If I'm right about that, then there's a second way in which it is not discriminatory for the state to preclude polyamorous marriages: Groups of more than two simply can't have the marital sort of relationship at all, so denying it to them isn't denying them anything at all.

But suppose I'm wrong about that. Suppose there is only the one reason why it is not discriminatory to rule out polyamorous marriages in the way that it is discriminatory to rule out same-sex ones--namely the first one I mentioned, having to do with sexual orientation. That would be enough by itself--but there's more to be said. Even if groups of more than two can manage to achieve the marital kind of relationship, achieving it for a larger group would be a truly monumental task given our human condition. Maybe it could be sustained for a year or two. But marriage as a life-partnership isn't realized by pulling something off for a couple of years. And failed marriages are a matter of social concern.

Since no individuals are being discriminated against (absent a polyamorous orientation), the state's burden for justifying a restriction on the number of people who can participate in a single marriage is substantially lower than would be the case were individuals being subject to discrimination by the restriction. And the fact that such a restriction promotes the stability of the marriage contracts that the state helps to create is, it seems, a sufficient reason for the state to restrict official, state-sanctioned marriage to pairs.

(I imagine that greater stability could be attainable in group marriages if there were a clear hierarchy--where, in lieu of genuine partnership, what one had was one dictator ruling it over a few subserviant helpmates. But I also take it that equitable and egalitarian relations among human beings, including between the sexes, is a good that we have a social interest in pursuing. Maybe one reason why conservatives tend to see a slippery slope to polygamy is precisely because they secretly idealize male patriarchy in which husbands lord it over their wives--and don't see a substantive difference between a husband lording it over one wife or over several. But in that case, the slippery slope exists even in the absence of the state extending marriage to same-sex couples.)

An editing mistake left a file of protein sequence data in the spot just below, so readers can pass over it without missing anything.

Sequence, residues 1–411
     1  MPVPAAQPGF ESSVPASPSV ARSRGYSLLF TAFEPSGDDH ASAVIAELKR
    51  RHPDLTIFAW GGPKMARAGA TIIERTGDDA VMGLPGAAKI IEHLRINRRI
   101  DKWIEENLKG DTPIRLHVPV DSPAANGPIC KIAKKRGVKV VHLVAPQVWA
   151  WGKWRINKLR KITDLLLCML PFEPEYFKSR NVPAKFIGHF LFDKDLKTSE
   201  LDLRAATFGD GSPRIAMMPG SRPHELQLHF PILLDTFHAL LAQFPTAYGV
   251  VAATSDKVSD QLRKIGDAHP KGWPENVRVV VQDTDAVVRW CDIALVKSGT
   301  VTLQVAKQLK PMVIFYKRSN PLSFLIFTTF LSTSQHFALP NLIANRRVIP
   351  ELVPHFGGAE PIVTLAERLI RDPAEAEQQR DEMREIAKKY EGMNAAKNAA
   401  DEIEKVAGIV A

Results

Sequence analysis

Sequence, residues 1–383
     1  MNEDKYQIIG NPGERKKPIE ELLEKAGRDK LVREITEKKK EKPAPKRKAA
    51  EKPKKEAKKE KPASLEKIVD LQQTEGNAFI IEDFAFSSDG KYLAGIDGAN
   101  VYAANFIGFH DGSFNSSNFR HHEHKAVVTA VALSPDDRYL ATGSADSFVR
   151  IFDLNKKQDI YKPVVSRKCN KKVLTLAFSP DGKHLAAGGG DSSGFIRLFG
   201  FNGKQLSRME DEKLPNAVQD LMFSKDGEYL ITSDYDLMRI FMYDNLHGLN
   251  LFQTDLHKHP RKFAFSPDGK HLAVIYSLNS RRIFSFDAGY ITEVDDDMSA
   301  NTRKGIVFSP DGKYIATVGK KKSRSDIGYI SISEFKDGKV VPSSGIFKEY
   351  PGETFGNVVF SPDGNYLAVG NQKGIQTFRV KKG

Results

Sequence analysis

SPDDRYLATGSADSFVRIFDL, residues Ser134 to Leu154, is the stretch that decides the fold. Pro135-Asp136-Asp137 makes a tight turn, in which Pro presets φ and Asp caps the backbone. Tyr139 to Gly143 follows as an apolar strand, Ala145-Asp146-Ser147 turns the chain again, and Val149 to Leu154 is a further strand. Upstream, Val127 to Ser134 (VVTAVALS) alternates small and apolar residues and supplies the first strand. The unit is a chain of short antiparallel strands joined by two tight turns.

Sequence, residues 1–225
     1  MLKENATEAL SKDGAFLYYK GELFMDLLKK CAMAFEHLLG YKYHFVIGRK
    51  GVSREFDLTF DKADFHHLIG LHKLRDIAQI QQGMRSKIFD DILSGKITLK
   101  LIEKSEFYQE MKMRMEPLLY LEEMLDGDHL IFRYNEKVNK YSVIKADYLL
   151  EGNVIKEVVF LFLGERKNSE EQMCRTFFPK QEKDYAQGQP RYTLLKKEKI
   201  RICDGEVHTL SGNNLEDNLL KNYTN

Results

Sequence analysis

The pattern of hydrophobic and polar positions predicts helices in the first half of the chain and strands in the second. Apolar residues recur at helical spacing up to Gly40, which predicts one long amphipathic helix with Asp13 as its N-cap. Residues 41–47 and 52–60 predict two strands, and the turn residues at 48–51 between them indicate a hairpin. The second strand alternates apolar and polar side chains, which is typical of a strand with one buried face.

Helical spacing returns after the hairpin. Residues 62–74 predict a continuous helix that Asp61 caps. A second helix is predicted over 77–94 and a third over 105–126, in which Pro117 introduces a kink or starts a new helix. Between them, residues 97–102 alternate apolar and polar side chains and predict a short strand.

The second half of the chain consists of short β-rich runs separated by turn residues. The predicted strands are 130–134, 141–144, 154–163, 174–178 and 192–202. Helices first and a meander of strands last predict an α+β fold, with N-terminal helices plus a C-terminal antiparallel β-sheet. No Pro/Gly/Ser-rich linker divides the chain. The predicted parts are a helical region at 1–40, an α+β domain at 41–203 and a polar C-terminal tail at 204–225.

Marriage is a stabilizing force. The gay community would be stabilized by access to marriage--but far more so if same-sex marriage were restricted to pairs than if it were made available to groups. Likewise for heterosexuals. The state is in the marriage business in part for the sake of achieving that stabilizing effect, and as such has a good reason to choose that form which does the best job of promoting the stabilizing outcome. (And let me point out that I said "in part," since in the last post some people seemed not to notice this and took a passing remark about one of the state's purposes for marriage as if it were the whole thing. If you want a fuller picture of my views on why the state is in the marriage business, see here.)

If the state has good reason to promote the stabilizing outcome that marriage makes possible, the state has both a reason to make marriage available to same-sex couples (thereby extending its stabilizing effects into the gay community) and a reason to preclude group marriages. Obviously, then, this case for same-sex marriage is not a slippery slope to group marriage.